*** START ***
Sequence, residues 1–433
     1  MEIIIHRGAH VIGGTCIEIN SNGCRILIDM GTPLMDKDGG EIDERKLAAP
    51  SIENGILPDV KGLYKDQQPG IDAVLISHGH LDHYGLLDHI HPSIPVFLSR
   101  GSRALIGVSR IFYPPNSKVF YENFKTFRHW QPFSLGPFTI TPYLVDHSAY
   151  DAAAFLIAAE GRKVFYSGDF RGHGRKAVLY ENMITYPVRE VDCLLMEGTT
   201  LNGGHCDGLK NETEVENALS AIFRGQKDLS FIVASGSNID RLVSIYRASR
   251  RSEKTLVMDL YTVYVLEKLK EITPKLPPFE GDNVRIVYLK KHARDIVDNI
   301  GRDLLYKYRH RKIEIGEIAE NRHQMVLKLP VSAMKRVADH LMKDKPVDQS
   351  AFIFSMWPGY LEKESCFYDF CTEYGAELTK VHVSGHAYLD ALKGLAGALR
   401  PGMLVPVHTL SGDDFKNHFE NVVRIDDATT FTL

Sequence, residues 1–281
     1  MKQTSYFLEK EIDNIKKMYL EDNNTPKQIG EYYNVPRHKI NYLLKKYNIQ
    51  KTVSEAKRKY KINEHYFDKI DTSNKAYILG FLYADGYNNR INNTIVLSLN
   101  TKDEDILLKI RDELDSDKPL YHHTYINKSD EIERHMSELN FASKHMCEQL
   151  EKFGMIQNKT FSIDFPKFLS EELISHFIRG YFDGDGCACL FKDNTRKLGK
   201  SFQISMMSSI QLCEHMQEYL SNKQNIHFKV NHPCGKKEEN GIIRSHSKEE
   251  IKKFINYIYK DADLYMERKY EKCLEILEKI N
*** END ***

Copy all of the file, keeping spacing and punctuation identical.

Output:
Sequence, residues 1–433
     1  MEIIIHRGAH VIGGTCIEIN SNGCRILIDM GTPLMDKDGG EIDERKLAAP
    51  SIENGILPDV KGLYKDQQPG IDAVLISHGH LDHYGLLDHI HPSIPVFLSR
   101  GSRALIGVSR IFYPPNSKVF YENFKTFRHW QPFSLGPFTI TPYLVDHSAY
   151  DAAAFLIAAE GRKVFYSGDF RGHGRKAVLY ENMITYPVRE VDCLLMEGTT
   201  LNGGHCDGLK NETEVENALS AIFRGQKDLS FIVASGSNID RLVSIYRASR
   251  RSEKTLVMDL YTVYVLEKLK EITPKLPPFE GDNVRIVYLK KHARDIVDNI
   301  GRDLLYKYRH RKIEIGEIAE NRHQMVLKLP VSAMKRVADH LMKDKPVDQS
   351  AFIFSMWPGY LEKESCFYDF CTEYGAELTK VHVSGHAYLD ALKGLAGALR
   401  PGMLVPVHTL SGDDFKNHFE NVVRIDDATT FTL

Sequence, residues 1–281
     1  MKQTSYFLEK EIDNIKKMYL EDNNTPKQIG EYYNVPRHKI NYLLKKYNIQ
    51  KTVSEAKRKY KINEHYFDKI DTSNKAYILG FLYADGYNNR INNTIVLSLN
   101  TKDEDILLKI RDELDSDKPL YHHTYINKSD EIERHMSELN FASKHMCEQL
   151  EKFGMIQNKT FSIDFPKFLS EELISHFIRG YFDGDGCACL FKDNTRKLGK
   201  SFQISMMSSI QLCEHMQEYL SNKQNIHFKV NHPCGKKEEN GIIRSHSKEE
   251  IKKFINYIYK DADLYMERKY EKCLEILEKI N